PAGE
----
I built a deer island 28 by brewer a couple decades ago

Discussion in 'Boat Design' started by needanotherboat, Aug 8, 2017.

  1. needanotherboat
    Joined: Sep 2013
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    needanotherboat New Member

    It had a keelson, a partial keel, lots of longitudinals, 3/4 ply bottom, 5/8 sides, bulkheads. IM looking at building a Tollman Jumbo and trying to relate the scantlings /structure. The tolman has a much higher speed ratings it is much more lightly built. IS it that thing where the heavier it is the stronger it needs to be?. The deer Island went 20 with a 260hp diesel. I'm thinking / wondering what if I built the deer Island with similar scantlings as the tollman then maybe brought it close to its line with a little ballast low at the keel? was the Deer Island over engineered? With modern epoxy and fiberglass could it be better?
     
  2. TANSL
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    TANSL Senior Member

    The scantlings of a ship depend on many factors, so it should never be assumed that the scantlings of a ship are suitable for those of a ship of another type. Some calculations have to be made, though not many. Even two vessels of the same type and dimensions, with different structural arrangements, may have very different scantlings.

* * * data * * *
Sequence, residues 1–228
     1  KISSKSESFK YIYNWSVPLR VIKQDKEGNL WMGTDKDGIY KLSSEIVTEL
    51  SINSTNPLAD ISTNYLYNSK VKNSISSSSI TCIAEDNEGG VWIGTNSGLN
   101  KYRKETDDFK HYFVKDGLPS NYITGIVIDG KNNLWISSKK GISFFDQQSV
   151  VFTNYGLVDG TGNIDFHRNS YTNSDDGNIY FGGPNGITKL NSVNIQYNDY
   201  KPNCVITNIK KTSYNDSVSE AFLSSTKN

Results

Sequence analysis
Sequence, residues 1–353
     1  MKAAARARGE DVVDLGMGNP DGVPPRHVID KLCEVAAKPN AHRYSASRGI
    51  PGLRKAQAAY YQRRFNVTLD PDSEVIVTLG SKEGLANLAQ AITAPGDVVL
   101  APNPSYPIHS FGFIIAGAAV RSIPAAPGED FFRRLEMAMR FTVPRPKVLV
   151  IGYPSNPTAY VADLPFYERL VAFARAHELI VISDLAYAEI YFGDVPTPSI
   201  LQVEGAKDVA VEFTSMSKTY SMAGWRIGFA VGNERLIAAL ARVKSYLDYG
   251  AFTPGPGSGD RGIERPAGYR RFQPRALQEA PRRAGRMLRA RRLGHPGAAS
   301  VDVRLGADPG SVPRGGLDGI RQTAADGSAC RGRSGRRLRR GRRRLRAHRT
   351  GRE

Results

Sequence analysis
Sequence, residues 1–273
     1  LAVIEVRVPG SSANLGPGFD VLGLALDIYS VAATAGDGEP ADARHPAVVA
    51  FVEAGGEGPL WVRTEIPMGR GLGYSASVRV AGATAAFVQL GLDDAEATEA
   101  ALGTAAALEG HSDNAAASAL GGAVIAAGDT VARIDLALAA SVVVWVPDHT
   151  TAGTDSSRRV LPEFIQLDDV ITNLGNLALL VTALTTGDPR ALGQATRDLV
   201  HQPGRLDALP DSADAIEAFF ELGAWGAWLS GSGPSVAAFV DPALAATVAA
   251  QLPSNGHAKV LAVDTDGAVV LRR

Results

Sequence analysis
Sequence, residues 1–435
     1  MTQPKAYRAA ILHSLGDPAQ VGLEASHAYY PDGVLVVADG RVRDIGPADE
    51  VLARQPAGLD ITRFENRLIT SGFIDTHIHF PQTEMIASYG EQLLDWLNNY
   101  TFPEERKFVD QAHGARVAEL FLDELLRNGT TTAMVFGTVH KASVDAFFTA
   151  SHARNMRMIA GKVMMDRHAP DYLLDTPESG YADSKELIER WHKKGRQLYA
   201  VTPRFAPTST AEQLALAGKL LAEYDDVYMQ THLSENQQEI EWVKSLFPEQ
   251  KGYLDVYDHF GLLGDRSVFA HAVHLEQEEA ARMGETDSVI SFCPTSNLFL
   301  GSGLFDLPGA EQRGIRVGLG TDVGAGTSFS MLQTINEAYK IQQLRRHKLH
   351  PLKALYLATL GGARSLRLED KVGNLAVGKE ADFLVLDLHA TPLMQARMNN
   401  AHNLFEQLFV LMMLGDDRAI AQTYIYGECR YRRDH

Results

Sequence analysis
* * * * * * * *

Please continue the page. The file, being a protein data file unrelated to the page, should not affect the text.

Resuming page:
3. tom28571
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    tom28571 Senior Member

    The Tolman Jumbo is less than half the displacement of the Deer Isle 28. That is a clue that it may need greater scantlings. Speed and power are considerations as well. Trust the designers, both of which are well regarded, or trust yourself to make any reasonable changes. A Dave Gerr Offshore 28 is a much more legitimate comparison to Ted's Deer Isle 28.

    edited: Oops, I meant to say the Offshore 28 and Tolman are more similar in scantling requirements.
     
    Last edited: Aug 8, 2017
  4. needanotherboat
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    needanotherboat New Member

    I should revise what I am c0mparing. I am looking at a tollman jumbo stretched or a Great Alaskan 28ˋ, both 8´6 beams vs the 9´6 beam of the the deer Island 28. My real question is could one eliminate the frames replacing them with bulkheads and molds, the goal being to have a cleaner interior with more space.

    I just look at the two and the deer Island seems overbuilt with all those 5/4 frames. The hull thicknesses are basically the same, the longitudinal are not a problem.

    The goal is a trailer trawler to sleep four
     

  5. tom28571
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    tom28571 Senior Member

    I would not venture to significantly alter Brewer's scantlings myself. Ted has retired from boat design and now plays with model trains but he is still active and you should contact him. I do agree with your wish to get rid of as many transverse frames as possible for a cleaner interior. My boats have no frames at all and depend on bulkheads and longitudinals for strength and rigidity.
     
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